Yesterday's story of the endorsement by 2012 GOP presidential candidate Mitt Romney of gubernatorial contender Bob Beauprez, resulting at least partly from Beauprez's support for Romney on the presidential campaign trail in 2008 and 2012, got us thinking: what has Beauprez said about the central component of both Romney's and President Barack Obama's health care reform plans–the individual mandate that everyone obtain health insurance coverage or pay a tax penalty?
Back in 2007, Beauprez's endorsement of Romney, as reported by the Denver Post, specifically noted what became known in the 2012 presidential election as RomneyCare.
Mitt Romney believes strongly in the core principles of free enterprise, fair and free trade, accountability in education, personal responsibility, tolerance, strong families, and a national defense second to none. More than that, however, we are amazed at what he accomplished during his term as Governor of Massachusetts – strengthening education, laying the foundation for private, market-based health insurance for all… [Pols emphasis]
For a number of years between his failed 2006 run for governor and today, Beauprez operated a blog called A Line of Sight, which over time became a hefty archive of Beauprez's prolific writing on all manner of issues, along with syndicated content from various other conservatives. Sometime after Beauprez's run for Governor began, A Line of Sight mysteriously went offline, but the contents of the site are still available via web caching services. And sure enough, in October of 2007, months after endorsing Romney, Beauprez wrote a post on A Line of Sight titled "Health Care Reform-The Battle is Joined."
In this astonishing now-deleted post, Beauprez endorses in considerable detail the individual mandate to obtain health insurance, arguing the point as well as Obama or anyone else could:
Required Coverage: I reluctantly come to the conclusion that just as motorists are required to have auto insurance, and lenders require homeowners insurance, citizens should have to have health insurance. [Pols emphasis] Of the 15-17% of the population that is uninsured, the U.S. Census Bureau reports that 56% are 18-34 year old young adults. It is impossible to know for certain, but many of these are no doubt uninsured by choice. Believing they are either permanently healthy, bullet proof, or both, they choose to spend their money on other things than health insurance. If they do get really sick or injured they know that they can go to any emergency room and get treatment whether they can pay or not because of federal law known as Emergency Medical Treatment and Active Labor Act (EMTALA). Some are certainly uninsured because they cannot afford the cost of insurance, but most could afford at least a portion of a monthly premium.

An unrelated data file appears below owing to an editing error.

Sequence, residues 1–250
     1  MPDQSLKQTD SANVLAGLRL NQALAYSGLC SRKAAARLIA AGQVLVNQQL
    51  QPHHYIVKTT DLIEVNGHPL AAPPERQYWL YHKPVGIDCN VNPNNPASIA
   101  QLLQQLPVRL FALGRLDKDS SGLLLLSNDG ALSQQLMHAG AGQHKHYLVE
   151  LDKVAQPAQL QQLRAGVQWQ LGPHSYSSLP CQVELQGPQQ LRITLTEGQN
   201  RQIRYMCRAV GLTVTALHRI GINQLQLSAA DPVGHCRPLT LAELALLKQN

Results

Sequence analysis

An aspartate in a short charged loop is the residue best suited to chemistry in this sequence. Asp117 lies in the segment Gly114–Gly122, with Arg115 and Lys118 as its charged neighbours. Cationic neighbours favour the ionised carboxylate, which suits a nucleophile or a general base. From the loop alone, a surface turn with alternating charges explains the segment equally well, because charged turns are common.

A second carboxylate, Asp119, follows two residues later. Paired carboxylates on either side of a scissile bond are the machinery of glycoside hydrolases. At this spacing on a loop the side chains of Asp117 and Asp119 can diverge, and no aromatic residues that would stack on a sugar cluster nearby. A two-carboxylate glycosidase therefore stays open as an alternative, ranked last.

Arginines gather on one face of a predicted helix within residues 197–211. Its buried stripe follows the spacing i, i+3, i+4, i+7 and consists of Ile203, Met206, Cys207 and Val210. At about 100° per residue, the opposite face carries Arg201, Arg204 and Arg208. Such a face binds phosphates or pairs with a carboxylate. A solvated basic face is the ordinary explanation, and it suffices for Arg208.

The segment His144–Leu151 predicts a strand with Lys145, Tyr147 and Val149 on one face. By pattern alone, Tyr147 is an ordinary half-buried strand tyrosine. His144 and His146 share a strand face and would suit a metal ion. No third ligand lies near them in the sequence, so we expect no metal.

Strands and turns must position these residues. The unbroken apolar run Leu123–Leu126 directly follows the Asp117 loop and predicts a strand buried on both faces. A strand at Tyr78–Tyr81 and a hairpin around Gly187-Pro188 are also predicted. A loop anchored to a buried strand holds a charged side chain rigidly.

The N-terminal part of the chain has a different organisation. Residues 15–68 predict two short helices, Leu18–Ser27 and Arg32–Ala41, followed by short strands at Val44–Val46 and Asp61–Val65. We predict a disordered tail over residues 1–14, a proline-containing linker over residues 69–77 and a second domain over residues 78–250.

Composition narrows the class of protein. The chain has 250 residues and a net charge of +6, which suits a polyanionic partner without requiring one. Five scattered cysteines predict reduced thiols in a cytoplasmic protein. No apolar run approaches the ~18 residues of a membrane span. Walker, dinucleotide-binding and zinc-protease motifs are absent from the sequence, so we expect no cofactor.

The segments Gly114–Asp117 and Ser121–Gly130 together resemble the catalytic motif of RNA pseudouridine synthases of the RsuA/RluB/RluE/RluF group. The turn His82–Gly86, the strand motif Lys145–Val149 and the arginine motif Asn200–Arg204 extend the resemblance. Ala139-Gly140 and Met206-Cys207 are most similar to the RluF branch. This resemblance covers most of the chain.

The reality is that when someone doesn't have insurance the cost of their health care is shifted to those that do in higher premiums, and to taxpayers who fund government programs. Cost shifting from the growing number of uninsured to the insured is a huge reality. The biggest challenge hospitals face is to adjust prices to insurance companies for paying customers to cover losses for services to non-paying uninsured patients they are required by law to treat. That invariably is reflected in higher insurance premiums.
What would King Soopers do if every sixth customer walked out without paying for a shopping cart full of groceries? Prices would go up to the paying customers because they have to cover their margins somehow. [Pols emphasis]
Several states have taken on this challenge, so there is an accumulating base of experience to analyze. Massachusetts under Gov. Romney enacted a must-have law regarding healthcare. Romney stated recently at the University of Denver that about half of the uninsured have already enrolled. Those that haven't by the time they file their next tax return will be penalized for failing to comply, and he expects that will motivate most to sign up. It's far less expensive to enroll than to pay the penalty. For low income residents there is a sliding scale of premium support from the state to subsidize their insurance.
Common-sense says having insurance is better than none. Insured are far more likely to avail themselves of preventative care, get treatment earlier, and avoid serious acuity and expense. Benefits for pre-natal care and families with children are especially dramatic.